When the Ashley Madison dump hit the toilet bowl two weeks ago, its site hacked and users’ account information exposed, I wasn’t surprised by any of it: the millions of subscribers worldwide, the high number from Ottawa (Oh those government towns! Am I right, girls?), the fake female profiles, the contrite pastors, the babies looking to be sugared – or the company’s connection to escort websites despite its warnings about the many liabilities of sex workers. 

Most of all, I wasn’t surprised by the amount of labour involved in making the website look as though it was teeming with hot, available women – or that people were employed to pretend to be hot and available women – in order to extract more money from men who will seemingly do anything to have casual sex except pay for it directly. 

Dozens of measures were taken to assure men that they wouldn’t be paying for the unremitting sex they would all soon be having with vaginas so clean you could eat off them. Robot women were created to contact men and entice them to bump up their memberships. Robot women. This was unbeatable, worse than in the early 90s when strip clubs were overrun by leggy stunners from eastern Europe and us dumpy North American girls were left with no game whatsoever.

Some men, of course, have hooked up with real women through Ashley Madison, but so many more were and continue to be fleeced over and over by their hubristic entitlement (to paraphrase prostitute and writer Charlotte Shane) to a willing and wanting partner. I know so many men who equate paying for sex with failing virility. As the AM site asks in an effort to dissuade its clients from sleeping with escorts, “Do you really want to have sex with somebody who does not care about you whatsoever and is doing it just for the money?”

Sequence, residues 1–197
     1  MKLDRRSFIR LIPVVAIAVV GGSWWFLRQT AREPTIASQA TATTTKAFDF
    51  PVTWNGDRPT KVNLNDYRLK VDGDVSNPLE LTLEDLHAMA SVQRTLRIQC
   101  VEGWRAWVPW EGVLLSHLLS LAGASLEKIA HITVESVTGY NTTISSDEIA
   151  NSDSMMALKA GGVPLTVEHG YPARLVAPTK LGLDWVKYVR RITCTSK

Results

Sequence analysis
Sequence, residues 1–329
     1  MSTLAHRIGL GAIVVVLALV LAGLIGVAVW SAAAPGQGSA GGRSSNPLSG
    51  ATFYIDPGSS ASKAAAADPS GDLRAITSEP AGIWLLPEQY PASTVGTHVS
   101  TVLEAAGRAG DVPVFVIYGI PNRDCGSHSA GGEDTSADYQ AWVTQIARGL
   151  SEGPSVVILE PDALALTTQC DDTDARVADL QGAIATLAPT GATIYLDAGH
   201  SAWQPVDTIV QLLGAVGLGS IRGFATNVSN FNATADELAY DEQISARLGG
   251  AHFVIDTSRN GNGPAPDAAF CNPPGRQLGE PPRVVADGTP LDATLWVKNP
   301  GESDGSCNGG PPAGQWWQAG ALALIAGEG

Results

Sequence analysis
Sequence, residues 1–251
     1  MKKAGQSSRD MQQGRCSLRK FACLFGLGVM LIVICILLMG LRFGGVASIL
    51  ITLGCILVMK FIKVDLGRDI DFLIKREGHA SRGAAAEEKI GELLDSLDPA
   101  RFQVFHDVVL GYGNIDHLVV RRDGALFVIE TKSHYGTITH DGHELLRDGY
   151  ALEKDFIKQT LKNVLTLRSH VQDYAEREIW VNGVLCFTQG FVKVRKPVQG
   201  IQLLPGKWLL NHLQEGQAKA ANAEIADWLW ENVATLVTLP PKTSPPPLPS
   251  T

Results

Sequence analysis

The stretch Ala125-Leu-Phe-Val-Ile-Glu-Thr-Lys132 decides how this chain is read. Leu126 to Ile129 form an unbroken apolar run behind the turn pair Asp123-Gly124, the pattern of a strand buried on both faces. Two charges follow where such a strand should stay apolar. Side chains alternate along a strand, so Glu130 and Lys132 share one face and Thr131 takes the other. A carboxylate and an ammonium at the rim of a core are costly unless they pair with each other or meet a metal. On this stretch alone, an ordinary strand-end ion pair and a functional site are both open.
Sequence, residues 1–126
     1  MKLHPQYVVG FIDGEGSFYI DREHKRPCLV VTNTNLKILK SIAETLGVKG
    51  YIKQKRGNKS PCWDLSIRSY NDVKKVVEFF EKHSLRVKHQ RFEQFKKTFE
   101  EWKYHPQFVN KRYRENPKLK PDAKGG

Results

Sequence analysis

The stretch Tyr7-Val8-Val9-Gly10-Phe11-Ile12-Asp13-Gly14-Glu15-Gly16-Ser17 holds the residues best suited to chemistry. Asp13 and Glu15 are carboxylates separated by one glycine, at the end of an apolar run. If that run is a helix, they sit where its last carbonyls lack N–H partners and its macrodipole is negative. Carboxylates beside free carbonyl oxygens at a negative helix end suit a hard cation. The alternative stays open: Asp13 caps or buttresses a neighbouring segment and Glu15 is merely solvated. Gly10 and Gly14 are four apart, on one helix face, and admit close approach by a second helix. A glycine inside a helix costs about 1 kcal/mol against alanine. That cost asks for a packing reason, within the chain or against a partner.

It’s a question we can ask Biderman now, since he was apparently using the services of prostitutes while claiming he was faithful to his wife, in the meantime profiting from the idea that prostitutes are soulless, money-grubbing vectors of disease. 

That’s right, gents: while you were paying Biderman to not get laid, he was spending your money getting laid using the very method he was warning you away from. 

As someone who lives with the physically constraining stigma of whoredom (for example, I cannot attend a conference vital to my industry in the United States this year because of my known status), I was rather piqued that Biderman rolled in the dough by building false hope. He made it seem like discreet and uncomplicated sex was a few clicks away – while profiting off the complex concept of consent because there was, on the surface, no money exchanged for the sex, but rather for the introduction. 

Even now that Biderman’s been let go, the website continues to trot out the thousands of female profiles as evidence that women are looking for the same things, tailoring those false profiles to desires expressed in men’s profiles. 

And then, of course, there’s the small matter of Avid Life Media (the company that owns Ashley Madison) reportedly running its own escort site. 

Recently, I learned the company was web-scraping escort advertising platforms to encourage sex workers to join an Avid Life Media-owned website. I advertise my services on a variety of websites, one of which was scraped by such a program. 

A couple of years ago I received an email from a “business executive” telling me he was “coming to town” and “couldn’t wait to meet up,” and that he usually met “classy women” such as myself on such-and-such a website and thought it would be a great place for me to meet other clients. I should “check it out!”

Of course, I knew right away that this was a bot. I mean, seriously, I am many captivating things, but classy? Sheesh.

Fleur de Lit is a pseudonym. | @nowtoronto